Performance and safety for spraybooths: housekeeping

The importance of good housekeeping is not to be underestimated when it comes to spraybooth operation. Keeping the environment clean and tidy is a reliable way to keep the area free from dust and contaminants, which not only preserves the quality of the finish but also alleviates vital safety concerns, too.

Housekeeping preserves quality and reduces risks

Keeping the spraybooth, surrounding areas and mixing room clean and clutter-free is vitally important in the painting process. Open tins and contaminated rags must be removed from the spraybooth and paint mixing room, as these objects are a major source of dust and dirt which can ultimately find its way into the paint finish. Crucially, these items constitute a major fire risk. Hooks, clamps, stands and grids should be cleaned regularly to prevent dirt build-up, and the spraybooth walls should be kept clean and white to promote the best environment for spraying. Beta offer a range of products and protective coatings to keep the spraybooth cabin in optimum condition.

Under negative pressure, when the spraybooth doors are opened, dust and debris can be drawn into a cabin risking contamination. A good way to reduce this risk of contamination is to promote clean working practices by keeping preparation activities separate from painting activities. If this separation is not possible, it is vital to keep the areas around the spraybooth as clean as possible.

We often see a huge build-up of dust on the spraybooth roofs and a concerted effort must be made to avoid this. Dust itself can be explosive and it should be cleaned away regularly to prevent contamination and reduce fire risks.

Often, when contamination is detected on a painted surface, the first suggestion is that the filters are the cause. However, this is rarely the case, as the filters are specially engineered and designed not to shed fibres. Instead, we regularly find that contamination is caused by simple factors such as poor housekeeping, clothing, solvent popping and silicon inclusions.

 

ATEX and DSEAR

The Dangerous Substances and Explosive Atmosphere Regulations 2002 (DESEAR) require employers to assess the risks of fires and explosions that may be caused by dangerous substances in the workplace. DSEAR is an important consideration when working with spraybooths, as there is a significant fire and explosion risk.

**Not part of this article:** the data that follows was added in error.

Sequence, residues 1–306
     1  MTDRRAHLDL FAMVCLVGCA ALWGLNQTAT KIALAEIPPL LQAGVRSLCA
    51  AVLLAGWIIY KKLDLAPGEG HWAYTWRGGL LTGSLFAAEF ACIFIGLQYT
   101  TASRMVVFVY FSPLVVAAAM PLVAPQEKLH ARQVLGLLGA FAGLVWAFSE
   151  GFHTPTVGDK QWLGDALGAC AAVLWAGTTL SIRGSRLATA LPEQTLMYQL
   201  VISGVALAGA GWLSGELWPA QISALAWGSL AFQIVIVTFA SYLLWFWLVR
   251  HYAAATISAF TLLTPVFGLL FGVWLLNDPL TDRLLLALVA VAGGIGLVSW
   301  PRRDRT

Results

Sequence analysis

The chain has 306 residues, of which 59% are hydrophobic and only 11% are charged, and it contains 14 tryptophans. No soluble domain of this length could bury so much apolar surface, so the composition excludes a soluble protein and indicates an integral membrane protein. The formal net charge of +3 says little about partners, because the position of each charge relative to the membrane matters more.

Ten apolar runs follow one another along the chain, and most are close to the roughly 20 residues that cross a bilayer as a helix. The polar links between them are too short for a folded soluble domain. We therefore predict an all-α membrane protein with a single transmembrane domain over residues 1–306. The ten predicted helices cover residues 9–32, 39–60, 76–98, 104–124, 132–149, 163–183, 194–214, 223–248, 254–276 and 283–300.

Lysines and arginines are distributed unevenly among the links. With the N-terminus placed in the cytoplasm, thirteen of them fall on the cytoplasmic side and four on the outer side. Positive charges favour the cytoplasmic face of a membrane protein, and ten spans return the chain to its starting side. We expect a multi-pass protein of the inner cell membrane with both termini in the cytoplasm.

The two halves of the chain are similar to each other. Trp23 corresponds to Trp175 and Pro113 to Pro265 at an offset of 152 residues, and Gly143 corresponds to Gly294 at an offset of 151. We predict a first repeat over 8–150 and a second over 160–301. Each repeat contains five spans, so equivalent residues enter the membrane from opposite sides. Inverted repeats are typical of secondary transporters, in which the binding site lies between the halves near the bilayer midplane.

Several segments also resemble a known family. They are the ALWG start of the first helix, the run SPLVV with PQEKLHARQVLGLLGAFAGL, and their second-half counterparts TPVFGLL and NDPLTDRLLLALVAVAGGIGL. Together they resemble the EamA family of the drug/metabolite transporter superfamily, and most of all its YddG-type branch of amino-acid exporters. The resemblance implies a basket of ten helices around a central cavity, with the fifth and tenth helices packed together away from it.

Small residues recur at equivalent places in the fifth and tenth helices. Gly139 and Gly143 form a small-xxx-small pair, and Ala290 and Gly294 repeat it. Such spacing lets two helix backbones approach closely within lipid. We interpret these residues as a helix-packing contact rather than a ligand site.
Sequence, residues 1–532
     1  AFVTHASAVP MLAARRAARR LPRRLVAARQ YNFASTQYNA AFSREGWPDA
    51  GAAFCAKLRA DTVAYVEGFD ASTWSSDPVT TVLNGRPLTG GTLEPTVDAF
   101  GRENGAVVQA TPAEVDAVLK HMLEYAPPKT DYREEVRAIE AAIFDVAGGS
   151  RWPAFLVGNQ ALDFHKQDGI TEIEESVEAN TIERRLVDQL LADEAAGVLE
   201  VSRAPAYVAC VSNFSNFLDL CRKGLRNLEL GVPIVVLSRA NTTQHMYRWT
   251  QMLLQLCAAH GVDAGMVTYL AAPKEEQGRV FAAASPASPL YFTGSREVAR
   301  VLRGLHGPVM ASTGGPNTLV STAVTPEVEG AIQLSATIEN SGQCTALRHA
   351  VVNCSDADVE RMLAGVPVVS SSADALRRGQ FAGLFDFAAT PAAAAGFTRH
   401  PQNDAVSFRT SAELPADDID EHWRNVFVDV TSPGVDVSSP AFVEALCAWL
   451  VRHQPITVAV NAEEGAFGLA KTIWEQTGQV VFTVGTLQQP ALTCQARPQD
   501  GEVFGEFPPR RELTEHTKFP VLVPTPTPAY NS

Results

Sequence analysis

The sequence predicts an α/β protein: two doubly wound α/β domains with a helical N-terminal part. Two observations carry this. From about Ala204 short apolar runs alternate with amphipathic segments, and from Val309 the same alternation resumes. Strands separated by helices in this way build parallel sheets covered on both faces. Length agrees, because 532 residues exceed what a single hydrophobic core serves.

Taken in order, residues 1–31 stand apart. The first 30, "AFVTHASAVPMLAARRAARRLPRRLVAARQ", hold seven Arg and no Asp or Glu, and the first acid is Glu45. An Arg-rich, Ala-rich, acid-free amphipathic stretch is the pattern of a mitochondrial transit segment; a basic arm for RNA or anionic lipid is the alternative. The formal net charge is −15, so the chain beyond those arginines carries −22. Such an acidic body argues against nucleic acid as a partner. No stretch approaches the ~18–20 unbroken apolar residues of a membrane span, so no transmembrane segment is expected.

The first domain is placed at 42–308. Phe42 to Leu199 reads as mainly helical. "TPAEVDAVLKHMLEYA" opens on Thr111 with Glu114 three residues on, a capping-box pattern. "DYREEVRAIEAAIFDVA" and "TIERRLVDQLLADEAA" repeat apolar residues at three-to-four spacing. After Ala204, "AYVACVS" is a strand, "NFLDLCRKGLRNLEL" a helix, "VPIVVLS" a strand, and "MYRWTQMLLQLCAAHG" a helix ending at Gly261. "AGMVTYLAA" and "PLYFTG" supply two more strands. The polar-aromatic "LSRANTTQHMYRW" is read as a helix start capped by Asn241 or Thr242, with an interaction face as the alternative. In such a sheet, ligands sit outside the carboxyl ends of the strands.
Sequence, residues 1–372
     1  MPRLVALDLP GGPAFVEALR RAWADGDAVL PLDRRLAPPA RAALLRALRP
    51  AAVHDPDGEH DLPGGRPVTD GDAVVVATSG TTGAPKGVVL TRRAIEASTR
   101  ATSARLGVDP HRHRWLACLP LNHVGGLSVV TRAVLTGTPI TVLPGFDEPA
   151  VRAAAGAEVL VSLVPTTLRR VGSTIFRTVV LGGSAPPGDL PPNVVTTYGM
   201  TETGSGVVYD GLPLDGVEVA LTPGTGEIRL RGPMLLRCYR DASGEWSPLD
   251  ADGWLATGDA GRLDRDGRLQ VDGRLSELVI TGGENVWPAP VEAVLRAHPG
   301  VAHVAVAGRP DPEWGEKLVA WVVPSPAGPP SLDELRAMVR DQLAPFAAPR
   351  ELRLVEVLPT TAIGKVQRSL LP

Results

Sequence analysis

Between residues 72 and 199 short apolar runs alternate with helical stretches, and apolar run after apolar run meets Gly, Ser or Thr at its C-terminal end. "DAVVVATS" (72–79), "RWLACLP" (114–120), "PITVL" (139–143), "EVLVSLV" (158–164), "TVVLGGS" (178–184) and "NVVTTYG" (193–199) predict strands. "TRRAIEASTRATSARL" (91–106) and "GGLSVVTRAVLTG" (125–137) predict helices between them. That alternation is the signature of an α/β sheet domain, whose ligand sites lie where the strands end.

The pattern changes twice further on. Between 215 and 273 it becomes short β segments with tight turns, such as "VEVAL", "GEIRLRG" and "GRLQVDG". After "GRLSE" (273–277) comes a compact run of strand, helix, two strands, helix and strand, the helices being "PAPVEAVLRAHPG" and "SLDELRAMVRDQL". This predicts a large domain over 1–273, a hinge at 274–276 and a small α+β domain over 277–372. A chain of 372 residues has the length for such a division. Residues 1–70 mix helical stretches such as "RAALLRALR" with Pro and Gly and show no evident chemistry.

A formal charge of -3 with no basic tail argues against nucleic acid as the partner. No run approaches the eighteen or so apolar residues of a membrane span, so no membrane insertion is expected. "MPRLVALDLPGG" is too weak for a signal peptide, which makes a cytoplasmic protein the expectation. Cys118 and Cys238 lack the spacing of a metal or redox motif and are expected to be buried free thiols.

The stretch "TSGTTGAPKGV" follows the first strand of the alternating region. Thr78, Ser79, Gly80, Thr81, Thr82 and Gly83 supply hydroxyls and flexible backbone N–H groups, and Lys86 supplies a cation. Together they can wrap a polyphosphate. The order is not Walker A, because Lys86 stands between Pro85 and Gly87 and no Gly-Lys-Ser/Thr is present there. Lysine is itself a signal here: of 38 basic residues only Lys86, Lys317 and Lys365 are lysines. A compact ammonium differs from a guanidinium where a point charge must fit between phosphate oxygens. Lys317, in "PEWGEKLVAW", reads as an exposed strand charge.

ATEX is the name commonly given to the two European Directives for controlling explosive atmospheres and categorises hazardous areas into zones. The spraybooth cabin is likely to be classified as zone 1. Zone 1 is a place in which an explosive atmosphere – consisting of a mixture of air with dangerous substances in the form of gas, vapour or mist – is likely to occasionally occur in normal operation.  This is due to the flammable atomised products such as solvent.

 

Any electrical systems in the cabin must be suitable for a zone 1 area (these electrical systems should be marked EX1). Cracks in light glasses may result in the light fitting not complying with current standards and so damaged glasses must be replaced. Cameras, radios, extension sockets, mobile phones etc. must not be used inside the cabin unless marked EX1 and suitable for the zone.

Beta incorporate some elements of DSEAR in our Thorough Examination and Test to ensure that no unsuitable electrical equipment is present within the spraybooth cabin.

 

Solvent popping

Solvent popping is usually caused by heat issues. A painted product needs to be permitted a sufficient flash-off time, in order to enable the solvent to leave the surface. This prevents the popping. To facilitate this, we recommend that spraying takes place at a constant temperature, maintained by the burner.

The manufacturer of the paint products will be able to provide information regarding flash off temperatures and spraying temperatures. We can then ensure that the system is set to achieve these.

 

Silicone inclusions

Silicone can be a significant problem in the spraybooth, causing fish-eye paint imperfections and costly rework. So many products contain silicone and often it is not immediately obvious. For example, some deodorants and protective wear can contain silicone and this has been shown to cause paint inclusions, along with valeting products and lubricants. It can be a difficult process to identify and eliminate silicone inclusions but Beta ensure all products used in spraybooths are free from silicone and our experts are on hand to offer advice to help identify the cause of paint inclusions.

 

Why choose Beta Group?

All services undertaken by Beta are completed by our own competent engineers, trained to the very latest standards and in full compliance with the Gas Safe Register. We regularly come across gas systems that have been serviced by non-Gas Safe registered persons, or not tested by such. This is illegal – no gas appliance can be safely maintained by a non-gas safe person. Allowing burner components and parts to be swapped or adjusted by someone not on the Register, or without the relevant qualifications could result in void insurance or criminal prosecution. According to Gas Safe, a person is only competent if their accreditations are valid, applicable and in date.

We appreciate that legislation and guidance can be difficult to understand in the spraybooth industries. Beta are on hand to offer expert advice and ensure that our customers are kept up to date with the changes and requirements of the current standards. Alongside this, we maintain a strong focus on providing you with market-leading products and services around air filtration, spraybooths maintenance and building services. Should you have any issues, please contact our team on 01706 878330 for more information.

 

 

Accreditations
  • gas-safe
  • safe contractor approved
  • BESA
  • NBRA
  • ABP
  • UKISUG
  • chamber of commerce
  • CHAS Transparent